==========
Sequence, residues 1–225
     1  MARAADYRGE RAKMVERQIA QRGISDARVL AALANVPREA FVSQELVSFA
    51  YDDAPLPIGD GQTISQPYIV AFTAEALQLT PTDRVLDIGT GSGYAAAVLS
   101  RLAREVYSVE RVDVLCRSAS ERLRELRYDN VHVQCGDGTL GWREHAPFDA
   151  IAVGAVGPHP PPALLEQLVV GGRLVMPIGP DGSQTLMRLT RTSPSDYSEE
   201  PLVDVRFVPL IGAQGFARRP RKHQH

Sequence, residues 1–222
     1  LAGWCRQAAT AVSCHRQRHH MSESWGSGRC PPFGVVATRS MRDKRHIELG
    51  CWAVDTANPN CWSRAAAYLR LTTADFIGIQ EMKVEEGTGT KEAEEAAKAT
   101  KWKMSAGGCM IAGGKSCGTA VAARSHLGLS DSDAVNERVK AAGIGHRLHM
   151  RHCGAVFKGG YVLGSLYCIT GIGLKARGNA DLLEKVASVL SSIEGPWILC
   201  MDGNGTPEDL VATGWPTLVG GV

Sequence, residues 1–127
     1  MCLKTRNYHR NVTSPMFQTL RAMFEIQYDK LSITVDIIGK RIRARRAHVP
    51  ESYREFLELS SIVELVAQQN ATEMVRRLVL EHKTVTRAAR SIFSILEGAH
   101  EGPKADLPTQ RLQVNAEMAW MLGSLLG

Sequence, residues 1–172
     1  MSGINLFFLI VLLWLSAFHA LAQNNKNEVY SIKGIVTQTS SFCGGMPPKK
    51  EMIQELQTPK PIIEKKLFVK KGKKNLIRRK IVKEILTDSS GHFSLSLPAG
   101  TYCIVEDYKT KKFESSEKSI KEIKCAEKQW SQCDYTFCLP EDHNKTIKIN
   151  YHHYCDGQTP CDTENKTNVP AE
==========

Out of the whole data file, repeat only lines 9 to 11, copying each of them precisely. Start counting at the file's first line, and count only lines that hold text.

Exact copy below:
    51  CWAVDTANPN CWSRAAAYLR LTTADFIGIQ EMKVEEGTGT KEAEEAAKAT
   101  KWKMSAGGCM IAGGKSCGTA VAARSHLGLS DSDAVNERVK AAGIGHRLHM
   151  RHCGAVFKGG YVLGSLYCIT GIGLKARGNA DLLEKVASVL SSIEGPWILC